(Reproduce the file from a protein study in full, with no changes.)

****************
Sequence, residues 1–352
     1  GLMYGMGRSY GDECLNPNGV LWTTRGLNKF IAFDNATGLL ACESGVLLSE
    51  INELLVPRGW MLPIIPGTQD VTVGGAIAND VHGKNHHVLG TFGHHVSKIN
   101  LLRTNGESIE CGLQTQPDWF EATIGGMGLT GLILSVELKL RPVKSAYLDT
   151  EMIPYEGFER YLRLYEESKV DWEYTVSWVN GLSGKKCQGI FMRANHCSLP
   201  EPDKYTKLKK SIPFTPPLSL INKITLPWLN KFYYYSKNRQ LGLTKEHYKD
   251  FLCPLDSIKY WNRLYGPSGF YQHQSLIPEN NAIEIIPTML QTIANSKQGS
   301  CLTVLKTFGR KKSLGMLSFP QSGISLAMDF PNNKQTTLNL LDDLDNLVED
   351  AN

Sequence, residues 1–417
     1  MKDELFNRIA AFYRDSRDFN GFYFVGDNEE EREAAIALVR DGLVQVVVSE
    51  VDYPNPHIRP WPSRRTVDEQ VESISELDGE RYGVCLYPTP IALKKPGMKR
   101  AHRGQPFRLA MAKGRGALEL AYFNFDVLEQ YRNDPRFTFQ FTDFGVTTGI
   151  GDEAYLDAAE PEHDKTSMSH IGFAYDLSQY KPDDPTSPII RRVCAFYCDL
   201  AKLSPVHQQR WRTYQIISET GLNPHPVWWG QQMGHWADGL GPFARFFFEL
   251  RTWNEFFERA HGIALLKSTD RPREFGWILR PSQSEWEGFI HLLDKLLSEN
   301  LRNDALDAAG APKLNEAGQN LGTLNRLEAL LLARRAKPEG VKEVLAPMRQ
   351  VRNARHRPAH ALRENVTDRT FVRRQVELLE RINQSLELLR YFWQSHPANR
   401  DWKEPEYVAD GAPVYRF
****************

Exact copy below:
Sequence, residues 1–352
     1  GLMYGMGRSY GDECLNPNGV LWTTRGLNKF IAFDNATGLL ACESGVLLSE
    51  INELLVPRGW MLPIIPGTQD VTVGGAIAND VHGKNHHVLG TFGHHVSKIN
   101  LLRTNGESIE CGLQTQPDWF EATIGGMGLT GLILSVELKL RPVKSAYLDT
   151  EMIPYEGFER YLRLYEESKV DWEYTVSWVN GLSGKKCQGI FMRANHCSLP
   201  EPDKYTKLKK SIPFTPPLSL INKITLPWLN KFYYYSKNRQ LGLTKEHYKD
   251  FLCPLDSIKY WNRLYGPSGF YQHQSLIPEN NAIEIIPTML QTIANSKQGS
   301  CLTVLKTFGR KKSLGMLSFP QSGISLAMDF PNNKQTTLNL LDDLDNLVED
   351  AN

Sequence, residues 1–417
     1  MKDELFNRIA AFYRDSRDFN GFYFVGDNEE EREAAIALVR DGLVQVVVSE
    51  VDYPNPHIRP WPSRRTVDEQ VESISELDGE RYGVCLYPTP IALKKPGMKR
   101  AHRGQPFRLA MAKGRGALEL AYFNFDVLEQ YRNDPRFTFQ FTDFGVTTGI
   151  GDEAYLDAAE PEHDKTSMSH IGFAYDLSQY KPDDPTSPII RRVCAFYCDL
   201  AKLSPVHQQR WRTYQIISET GLNPHPVWWG QQMGHWADGL GPFARFFFEL
   251  RTWNEFFERA HGIALLKSTD RPREFGWILR PSQSEWEGFI HLLDKLLSEN
   301  LRNDALDAAG APKLNEAGQN LGTLNRLEAL LLARRAKPEG VKEVLAPMRQ
   351  VRNARHRPAH ALRENVTDRT FVRRQVELLE RINQSLELLR YFWQSHPANR
   401  DWKEPEYVAD GAPVYRF